Retail Tremors Shake the Payment Ecosystem
Consumers who use credit and debit cards are typically aware only of the card they’re using and the merchant they’re buying from; the payment process is a “black box” from a consumer’s perspective.
But as the first image below shows, the black box hides a complex ecosystem of firms with different specialized functions — including many publicly traded firms with exposure to specific trends in the technology, finance, and retail sectors.
A still-simple, but more comprehensive picture of the payment ecosystem looks something like the second image.
Source: Federal Reserve Bank of Atlanta
Source: Federal Research Bank of Atlanta
(There are some variations to this outline; when it comes to cards such as American Express [NYSE: AXP] or Discover Card [NYSE: DFS], for example, the card issuer and the card association are the same entity.)
Consumers are not generally aware of the various firms that stand between them and the merchant. When a customer presents a credit card to a merchant to purchase a good or a service, the merchant acquirer manages the payment processing and secures approval for the transaction. These merchant acquirers aggregate and separate payments made to merchants. The card associations (such as Visa [NYSE: V] or MasterCard [NYSE: MC]) in turn stand between merchant acquirers and the card-issuing banks. Payments are debited to the card issuer, and ultimately the cardholder. The issuing bank sends a credit for all their daily payments back to the acquirer, who completes the cycle by funding the retailer’s bank account, of course taking a fee in the process.
(As an aside, we note that the many intermediaries in the credit-card payment process, and their fees, are another impetus behind the rise of bitcoin and other digital currencies — where technology promises to replace those intermediaries with algorithms and encryption.)
While consumers are used to interacting with the bank that issued their card, merchants are used to interacting with the acquirer. Some acquirers perform services such as payment processing and customer analytics themselves; other smaller acquirers outsource these services to third parties.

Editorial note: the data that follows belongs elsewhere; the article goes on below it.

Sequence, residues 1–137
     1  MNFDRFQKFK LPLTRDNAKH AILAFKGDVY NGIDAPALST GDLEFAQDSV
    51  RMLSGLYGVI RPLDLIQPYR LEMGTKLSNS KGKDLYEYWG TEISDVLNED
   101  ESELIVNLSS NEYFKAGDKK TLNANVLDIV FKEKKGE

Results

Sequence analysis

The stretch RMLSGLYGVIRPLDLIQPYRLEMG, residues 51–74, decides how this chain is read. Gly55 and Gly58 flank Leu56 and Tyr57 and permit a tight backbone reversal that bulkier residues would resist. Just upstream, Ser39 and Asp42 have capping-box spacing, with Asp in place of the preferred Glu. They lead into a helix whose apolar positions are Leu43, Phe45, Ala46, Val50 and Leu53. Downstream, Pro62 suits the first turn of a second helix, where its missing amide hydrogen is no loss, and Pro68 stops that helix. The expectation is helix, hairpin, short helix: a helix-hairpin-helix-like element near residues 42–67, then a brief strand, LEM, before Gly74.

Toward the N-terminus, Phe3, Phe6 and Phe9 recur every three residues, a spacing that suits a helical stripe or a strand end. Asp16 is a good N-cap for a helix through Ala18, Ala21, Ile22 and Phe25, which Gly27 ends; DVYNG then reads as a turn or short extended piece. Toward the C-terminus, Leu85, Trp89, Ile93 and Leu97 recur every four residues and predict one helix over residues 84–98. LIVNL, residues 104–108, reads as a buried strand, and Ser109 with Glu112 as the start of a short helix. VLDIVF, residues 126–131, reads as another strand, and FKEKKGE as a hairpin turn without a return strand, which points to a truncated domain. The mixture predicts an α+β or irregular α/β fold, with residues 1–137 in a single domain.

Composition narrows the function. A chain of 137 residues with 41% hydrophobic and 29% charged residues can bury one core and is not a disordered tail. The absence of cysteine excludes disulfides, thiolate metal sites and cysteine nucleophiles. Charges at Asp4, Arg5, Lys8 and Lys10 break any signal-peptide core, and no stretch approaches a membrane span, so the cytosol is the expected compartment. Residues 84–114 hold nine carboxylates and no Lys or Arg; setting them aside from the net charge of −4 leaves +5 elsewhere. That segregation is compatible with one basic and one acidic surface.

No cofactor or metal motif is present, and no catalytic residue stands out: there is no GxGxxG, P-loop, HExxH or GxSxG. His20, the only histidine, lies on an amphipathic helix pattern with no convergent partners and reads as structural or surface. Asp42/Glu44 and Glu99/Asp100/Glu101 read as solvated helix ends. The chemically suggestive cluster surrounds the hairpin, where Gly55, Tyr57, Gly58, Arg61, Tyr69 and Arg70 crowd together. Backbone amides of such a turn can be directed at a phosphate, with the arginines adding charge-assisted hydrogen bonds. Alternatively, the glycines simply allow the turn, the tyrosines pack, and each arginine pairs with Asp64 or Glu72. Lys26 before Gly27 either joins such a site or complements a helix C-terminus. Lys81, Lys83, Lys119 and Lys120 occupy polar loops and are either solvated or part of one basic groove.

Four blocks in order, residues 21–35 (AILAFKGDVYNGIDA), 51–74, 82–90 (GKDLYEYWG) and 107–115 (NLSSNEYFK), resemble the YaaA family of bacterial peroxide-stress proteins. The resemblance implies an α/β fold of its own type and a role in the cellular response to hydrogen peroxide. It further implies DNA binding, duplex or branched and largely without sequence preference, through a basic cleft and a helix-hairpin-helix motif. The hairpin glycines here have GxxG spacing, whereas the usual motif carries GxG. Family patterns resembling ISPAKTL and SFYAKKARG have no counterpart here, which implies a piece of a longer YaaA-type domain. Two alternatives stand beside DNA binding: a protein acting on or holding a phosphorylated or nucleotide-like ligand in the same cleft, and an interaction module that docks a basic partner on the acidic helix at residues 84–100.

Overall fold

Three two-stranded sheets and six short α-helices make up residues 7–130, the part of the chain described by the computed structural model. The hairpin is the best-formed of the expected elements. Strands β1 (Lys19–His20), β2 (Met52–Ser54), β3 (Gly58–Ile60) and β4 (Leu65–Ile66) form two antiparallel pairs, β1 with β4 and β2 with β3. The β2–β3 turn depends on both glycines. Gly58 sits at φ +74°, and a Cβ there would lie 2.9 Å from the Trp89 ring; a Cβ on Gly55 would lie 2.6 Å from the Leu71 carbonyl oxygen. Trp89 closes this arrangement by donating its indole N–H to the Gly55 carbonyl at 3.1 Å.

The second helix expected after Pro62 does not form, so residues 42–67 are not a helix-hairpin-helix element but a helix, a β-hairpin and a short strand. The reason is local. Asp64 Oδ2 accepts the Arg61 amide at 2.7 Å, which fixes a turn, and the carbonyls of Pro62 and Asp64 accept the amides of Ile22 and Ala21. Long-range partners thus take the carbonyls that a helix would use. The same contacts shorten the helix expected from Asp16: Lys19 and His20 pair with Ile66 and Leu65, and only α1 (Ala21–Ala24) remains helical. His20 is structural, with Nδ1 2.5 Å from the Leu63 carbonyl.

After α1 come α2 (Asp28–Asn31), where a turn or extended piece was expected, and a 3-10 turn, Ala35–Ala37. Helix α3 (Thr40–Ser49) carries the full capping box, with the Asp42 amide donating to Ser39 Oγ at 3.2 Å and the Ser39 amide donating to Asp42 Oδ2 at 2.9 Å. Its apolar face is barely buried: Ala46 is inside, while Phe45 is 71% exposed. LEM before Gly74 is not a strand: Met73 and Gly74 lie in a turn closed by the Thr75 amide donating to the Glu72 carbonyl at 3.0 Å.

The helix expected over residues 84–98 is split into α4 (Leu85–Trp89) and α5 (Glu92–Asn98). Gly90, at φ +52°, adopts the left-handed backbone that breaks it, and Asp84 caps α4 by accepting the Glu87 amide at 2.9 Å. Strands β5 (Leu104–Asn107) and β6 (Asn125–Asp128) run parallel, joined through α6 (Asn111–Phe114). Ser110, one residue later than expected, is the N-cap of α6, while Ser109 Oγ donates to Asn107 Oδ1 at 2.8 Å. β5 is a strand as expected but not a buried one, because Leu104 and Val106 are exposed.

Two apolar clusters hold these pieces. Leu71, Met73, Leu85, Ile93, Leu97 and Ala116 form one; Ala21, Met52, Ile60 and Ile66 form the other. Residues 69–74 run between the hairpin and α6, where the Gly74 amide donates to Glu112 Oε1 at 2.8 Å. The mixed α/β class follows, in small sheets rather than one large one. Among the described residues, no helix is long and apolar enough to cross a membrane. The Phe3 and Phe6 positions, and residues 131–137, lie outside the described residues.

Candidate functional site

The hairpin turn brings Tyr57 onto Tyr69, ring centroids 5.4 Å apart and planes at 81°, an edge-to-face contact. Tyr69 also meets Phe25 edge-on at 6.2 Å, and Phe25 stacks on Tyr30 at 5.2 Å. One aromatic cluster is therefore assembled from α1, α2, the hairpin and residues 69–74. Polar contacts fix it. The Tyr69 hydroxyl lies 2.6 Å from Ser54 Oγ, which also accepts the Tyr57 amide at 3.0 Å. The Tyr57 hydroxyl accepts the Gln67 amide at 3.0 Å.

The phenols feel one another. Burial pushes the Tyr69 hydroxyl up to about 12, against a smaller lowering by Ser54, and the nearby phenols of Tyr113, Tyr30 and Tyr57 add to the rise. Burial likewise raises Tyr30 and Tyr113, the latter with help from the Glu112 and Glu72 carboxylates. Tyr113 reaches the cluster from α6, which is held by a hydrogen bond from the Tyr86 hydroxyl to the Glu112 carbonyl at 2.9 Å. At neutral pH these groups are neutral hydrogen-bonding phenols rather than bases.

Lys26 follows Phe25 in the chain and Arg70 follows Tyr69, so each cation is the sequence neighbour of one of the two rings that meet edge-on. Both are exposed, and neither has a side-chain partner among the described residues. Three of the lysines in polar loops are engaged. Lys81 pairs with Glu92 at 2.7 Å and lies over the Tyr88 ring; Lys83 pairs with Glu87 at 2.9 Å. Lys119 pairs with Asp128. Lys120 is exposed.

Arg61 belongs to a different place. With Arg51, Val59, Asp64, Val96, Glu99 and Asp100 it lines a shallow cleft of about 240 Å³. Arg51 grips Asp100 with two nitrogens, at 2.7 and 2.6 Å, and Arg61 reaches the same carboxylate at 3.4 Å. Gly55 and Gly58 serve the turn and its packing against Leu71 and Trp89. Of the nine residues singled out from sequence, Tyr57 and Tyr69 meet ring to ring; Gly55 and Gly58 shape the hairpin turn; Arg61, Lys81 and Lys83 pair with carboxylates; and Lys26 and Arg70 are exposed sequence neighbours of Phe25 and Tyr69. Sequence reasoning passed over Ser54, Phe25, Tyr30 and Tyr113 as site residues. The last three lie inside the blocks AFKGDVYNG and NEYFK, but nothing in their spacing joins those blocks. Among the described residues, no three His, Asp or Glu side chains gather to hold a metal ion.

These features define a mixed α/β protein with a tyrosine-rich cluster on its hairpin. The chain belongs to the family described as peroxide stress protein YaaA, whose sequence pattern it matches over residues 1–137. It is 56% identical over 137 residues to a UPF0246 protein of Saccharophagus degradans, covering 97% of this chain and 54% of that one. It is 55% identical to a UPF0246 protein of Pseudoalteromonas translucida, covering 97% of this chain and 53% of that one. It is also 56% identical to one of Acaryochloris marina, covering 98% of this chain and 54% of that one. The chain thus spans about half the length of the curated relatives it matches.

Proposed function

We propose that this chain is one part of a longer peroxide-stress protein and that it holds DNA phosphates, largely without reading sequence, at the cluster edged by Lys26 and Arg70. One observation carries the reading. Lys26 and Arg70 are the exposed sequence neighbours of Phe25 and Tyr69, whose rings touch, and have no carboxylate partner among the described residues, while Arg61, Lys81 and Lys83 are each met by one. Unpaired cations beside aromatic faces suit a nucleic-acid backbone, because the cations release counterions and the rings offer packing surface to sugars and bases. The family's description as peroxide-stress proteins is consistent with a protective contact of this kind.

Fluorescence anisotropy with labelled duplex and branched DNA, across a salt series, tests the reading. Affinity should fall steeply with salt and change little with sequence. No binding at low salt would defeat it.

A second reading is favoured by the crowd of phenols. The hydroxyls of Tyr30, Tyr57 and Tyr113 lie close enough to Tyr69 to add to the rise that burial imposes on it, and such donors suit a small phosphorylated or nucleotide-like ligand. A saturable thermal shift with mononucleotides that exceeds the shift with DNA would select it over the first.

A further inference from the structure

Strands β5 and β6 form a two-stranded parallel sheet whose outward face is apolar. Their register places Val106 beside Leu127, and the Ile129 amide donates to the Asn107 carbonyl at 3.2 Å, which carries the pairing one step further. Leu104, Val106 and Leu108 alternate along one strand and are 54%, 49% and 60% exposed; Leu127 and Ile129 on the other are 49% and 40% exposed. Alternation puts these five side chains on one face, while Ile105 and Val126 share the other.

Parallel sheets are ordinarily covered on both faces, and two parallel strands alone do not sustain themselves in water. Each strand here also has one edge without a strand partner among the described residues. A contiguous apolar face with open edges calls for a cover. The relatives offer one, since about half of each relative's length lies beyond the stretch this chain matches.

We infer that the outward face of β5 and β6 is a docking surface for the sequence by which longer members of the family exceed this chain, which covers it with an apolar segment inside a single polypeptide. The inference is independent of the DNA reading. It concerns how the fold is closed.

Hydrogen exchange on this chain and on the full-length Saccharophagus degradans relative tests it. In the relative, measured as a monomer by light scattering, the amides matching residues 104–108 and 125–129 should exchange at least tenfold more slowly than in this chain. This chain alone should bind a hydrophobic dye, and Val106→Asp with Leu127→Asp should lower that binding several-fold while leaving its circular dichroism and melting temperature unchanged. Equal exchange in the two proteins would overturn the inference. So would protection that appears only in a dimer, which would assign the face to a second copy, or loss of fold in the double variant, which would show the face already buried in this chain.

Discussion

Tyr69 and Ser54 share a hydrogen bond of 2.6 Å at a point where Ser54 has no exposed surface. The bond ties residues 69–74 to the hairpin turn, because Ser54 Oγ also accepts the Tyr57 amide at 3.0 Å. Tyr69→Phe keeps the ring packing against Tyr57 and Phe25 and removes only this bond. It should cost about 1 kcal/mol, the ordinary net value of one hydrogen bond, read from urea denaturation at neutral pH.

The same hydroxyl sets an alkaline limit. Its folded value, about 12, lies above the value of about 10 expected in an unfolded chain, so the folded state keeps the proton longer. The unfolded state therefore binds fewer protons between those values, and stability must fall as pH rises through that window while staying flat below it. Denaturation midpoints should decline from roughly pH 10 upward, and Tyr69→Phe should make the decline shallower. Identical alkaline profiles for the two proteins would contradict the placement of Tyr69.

Since the black box usually functions smoothly, customers are rarely aware of its internal workings — until, for example, they want to dispute a charge, or they become aware of fraudulent activity on their account. As you can guess, though, the rise of online retail, mobile payments, and other technological innovations has upended the inner workings of the black box, resulting in a lot of mergers and acquisitions during the past few years. A recent example is the bid by U.S. acquirer Vantiv [NYSE: VNTV] to merge with British acquirer Worldpay [London: WPG]. VNTV is the largest U.S. acquirer, spun out from Fifth Third Bancorp several years ago. It has little exposure to overseas markets, and more significantly, a relative overexposure to U.S. big box and mall retailers, with only 10% of revenues coming from e-commerce. 2017 has thus far been a tale of the decline of the brick-and-mortar retailers that are VNTV’s bread and butter.
WPG, on the other hand, was spun out of the Royal Bank of Scotland in 2015, and its e-commerce operations are global and growing quickly. It has a strong foothold in Europe; in the UK, it has a 42% market share, and in Europe, a 26% share of web-based transactions. WPG also has U.S. operations; between the U.S. and Europe, 41% of its revenue originates online. If the acquisition goes through, it will boost VNTV’s e-commerce business from 8–12% of its revenues to 20–25% of its revenues.
Thus, the same disruption that’s visible to merchants and consumers as they watch events like Amazon’s [NASDAQ: AMZN] purchase of Whole Foods [NASDAQ: WFM] is also visible within the payment-processing universe. This reinforces our view that for now, the company narratives that include secular growth will continue to rule the roost.
Investment implications: The shift to e-commerce will benefit merchant acquirers with a strong e-commerce presence and global reach. One simple way to invest in the development of global e-commerce is to buy the stocks of the credit card networks, such as Visa [NYSE: V] or MasterCard [NYSE: MC]. However, investors may also identify merchant acquirers who derive a significant part of their revenue from e-commerce, and who are able to offer compelling services to merchants in an environment where their fees are under pressure.